Friday, March 22, 2002
BOH grants license to Raggs
Stacey Abato, a representative for Raggs Septic Service, appeared at a continuation of a public hearing held by the Carlisle Board of Health (BOH) to apply for a license application. The owner of the business, Fred Fish, is in jail for dumping septic waste in the Concord sewer system, instead of in approved sites. Abato claimed that the business is now being run properly and it that it is unfair of Carlisle to continue to refuse Raggs a license. Board agent Linda Fantasia had checked with the Better Business Bureau, as well as other towns, and reported that there were no "smoking guns." There are eight towns which currently have licensed Raggs.
The board granted a license with the condition that the facility which handles the sewerage provide a quarterly confirmation of appropriate disposal.
Stable licensing and animal management
BOH member Martha Bedrosian reported on the subcommittee for animal management. Bedrosian wishes to narrow the current group of 20 to 22 volunteers down to a smaller number to get the regulations into shape for public review. Members raised issues of how to handle complaints, setback requirements, grandfathering of existing animals, limiting the number of animals, and handling of animals other than horses.
Chairman Steve Opolski suggested that the board review each stable license application until the rules become understood. Bedrosian said that state law prohibits a board of health from charging more than $40 for a license. Therefore, the animal management plan could not be reviewed by the board's consulting engineer as the fee is too low.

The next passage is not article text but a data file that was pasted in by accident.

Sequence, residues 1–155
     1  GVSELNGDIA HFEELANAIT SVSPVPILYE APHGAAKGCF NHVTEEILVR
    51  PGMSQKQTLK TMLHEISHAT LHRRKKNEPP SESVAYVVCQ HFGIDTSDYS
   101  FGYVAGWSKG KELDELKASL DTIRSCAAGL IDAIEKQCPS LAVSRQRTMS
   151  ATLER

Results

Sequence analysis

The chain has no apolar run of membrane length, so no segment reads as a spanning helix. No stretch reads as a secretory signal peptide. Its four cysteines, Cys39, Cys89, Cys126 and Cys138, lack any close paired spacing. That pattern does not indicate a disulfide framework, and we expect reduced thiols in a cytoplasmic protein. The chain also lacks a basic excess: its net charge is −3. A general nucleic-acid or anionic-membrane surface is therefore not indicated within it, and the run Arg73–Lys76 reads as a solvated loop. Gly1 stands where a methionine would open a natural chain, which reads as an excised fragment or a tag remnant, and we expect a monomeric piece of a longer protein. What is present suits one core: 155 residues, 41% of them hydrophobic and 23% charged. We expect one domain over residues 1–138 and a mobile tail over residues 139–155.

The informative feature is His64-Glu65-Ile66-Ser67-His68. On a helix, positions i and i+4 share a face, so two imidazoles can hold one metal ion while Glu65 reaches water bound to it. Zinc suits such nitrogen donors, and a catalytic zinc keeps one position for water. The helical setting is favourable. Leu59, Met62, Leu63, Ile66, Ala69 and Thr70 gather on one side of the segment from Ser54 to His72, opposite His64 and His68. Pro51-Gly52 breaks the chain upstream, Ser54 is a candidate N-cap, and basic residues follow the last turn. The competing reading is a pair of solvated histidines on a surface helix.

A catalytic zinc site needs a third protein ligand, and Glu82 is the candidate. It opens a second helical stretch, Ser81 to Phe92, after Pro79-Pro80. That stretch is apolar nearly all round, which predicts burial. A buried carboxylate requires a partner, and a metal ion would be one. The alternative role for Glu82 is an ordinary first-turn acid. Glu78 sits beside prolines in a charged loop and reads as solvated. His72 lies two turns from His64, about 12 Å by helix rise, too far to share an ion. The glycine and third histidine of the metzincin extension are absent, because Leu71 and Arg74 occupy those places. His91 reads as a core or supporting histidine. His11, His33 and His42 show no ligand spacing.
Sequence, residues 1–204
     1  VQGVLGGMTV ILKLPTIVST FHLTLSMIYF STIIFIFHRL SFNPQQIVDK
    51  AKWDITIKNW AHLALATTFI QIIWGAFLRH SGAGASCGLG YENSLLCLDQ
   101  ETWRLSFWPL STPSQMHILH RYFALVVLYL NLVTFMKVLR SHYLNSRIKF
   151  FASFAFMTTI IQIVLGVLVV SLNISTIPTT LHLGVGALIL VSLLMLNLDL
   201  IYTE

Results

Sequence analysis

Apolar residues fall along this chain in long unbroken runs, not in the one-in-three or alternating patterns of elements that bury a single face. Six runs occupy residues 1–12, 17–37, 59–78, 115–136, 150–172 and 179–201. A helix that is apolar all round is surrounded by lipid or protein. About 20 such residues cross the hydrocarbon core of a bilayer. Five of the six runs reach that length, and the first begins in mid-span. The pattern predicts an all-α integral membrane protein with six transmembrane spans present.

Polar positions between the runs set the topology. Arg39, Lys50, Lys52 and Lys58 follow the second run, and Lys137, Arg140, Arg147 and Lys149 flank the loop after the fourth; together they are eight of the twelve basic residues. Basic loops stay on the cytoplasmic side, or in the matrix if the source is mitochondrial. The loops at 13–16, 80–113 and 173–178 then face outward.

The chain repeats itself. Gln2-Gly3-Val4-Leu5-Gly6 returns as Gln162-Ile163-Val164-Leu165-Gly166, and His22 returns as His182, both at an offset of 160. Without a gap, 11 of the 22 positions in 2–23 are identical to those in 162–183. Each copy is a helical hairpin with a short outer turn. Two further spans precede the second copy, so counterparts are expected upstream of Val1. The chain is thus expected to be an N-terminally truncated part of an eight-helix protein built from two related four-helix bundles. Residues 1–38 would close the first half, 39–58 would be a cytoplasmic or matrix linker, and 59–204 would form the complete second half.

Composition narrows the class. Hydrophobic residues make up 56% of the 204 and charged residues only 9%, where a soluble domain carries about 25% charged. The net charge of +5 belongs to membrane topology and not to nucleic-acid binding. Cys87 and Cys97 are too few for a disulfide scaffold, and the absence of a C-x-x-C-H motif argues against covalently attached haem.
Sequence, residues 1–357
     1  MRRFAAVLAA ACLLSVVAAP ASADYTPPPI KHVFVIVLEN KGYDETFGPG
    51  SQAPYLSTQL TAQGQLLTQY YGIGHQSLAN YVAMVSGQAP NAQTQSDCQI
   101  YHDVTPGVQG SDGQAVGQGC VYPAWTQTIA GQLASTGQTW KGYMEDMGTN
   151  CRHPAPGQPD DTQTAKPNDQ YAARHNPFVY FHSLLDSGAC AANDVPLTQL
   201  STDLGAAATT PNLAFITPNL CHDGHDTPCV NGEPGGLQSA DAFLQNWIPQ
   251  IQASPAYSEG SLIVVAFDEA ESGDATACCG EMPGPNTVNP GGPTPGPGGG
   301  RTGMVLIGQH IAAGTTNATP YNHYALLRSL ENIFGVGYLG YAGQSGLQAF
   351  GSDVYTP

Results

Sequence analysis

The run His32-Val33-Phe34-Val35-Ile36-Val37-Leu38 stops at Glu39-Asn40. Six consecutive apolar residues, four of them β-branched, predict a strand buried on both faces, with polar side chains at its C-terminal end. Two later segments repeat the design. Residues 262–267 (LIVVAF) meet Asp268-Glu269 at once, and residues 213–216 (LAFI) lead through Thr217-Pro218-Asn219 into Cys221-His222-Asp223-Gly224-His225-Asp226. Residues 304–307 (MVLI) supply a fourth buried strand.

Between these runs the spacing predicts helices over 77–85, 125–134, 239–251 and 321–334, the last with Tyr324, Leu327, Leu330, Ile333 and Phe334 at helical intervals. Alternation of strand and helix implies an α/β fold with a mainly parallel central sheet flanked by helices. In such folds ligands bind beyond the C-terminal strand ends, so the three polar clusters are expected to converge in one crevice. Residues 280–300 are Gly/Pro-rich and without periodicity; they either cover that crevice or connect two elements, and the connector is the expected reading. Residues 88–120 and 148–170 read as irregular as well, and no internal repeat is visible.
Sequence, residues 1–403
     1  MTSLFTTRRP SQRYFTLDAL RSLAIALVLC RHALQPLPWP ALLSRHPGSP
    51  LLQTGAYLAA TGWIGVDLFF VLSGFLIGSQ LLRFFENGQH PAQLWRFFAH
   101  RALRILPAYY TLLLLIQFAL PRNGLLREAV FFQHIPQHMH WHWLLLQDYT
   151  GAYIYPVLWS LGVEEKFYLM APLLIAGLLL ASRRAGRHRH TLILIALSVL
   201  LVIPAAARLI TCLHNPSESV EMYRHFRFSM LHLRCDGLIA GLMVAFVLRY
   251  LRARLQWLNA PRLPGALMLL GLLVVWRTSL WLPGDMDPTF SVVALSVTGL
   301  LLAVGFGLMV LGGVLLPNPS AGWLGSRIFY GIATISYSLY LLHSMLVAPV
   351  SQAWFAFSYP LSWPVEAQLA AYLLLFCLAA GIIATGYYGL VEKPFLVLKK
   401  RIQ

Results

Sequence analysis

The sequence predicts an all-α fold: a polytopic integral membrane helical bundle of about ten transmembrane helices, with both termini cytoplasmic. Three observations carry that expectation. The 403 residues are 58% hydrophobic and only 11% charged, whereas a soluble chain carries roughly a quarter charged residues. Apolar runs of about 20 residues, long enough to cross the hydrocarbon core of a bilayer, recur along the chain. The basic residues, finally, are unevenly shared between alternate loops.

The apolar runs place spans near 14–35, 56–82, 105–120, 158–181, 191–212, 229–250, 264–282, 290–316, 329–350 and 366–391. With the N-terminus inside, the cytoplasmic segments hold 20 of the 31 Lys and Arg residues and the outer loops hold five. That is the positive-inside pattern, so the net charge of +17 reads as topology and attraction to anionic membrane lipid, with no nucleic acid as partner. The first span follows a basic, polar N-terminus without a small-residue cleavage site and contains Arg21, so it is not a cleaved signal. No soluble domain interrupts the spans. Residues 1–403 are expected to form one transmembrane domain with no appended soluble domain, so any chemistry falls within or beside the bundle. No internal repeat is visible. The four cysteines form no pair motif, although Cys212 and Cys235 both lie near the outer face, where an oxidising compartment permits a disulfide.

The subcommittee expects to meet once more before producing a final draft of the animal management regulations.
Water supply regulations
Tricia Smith and Mike Holland attended the board of health meeting to discuss water supply regulations. Smith, who serves on the center water committee was interested in broader testing of the town center. She was surprised that nitrates were not present in well tests of town center septic system. It is possible that in deep wells the effect of nitrate loading is not as great as was expected.
Holland said a greater potential danger is from runoff from chemical treatment of lawns with herbicides and insecticides. It is important that one get a tight seal on the well to avoid these surface effects.
© 2002 The Carlisle Mosquito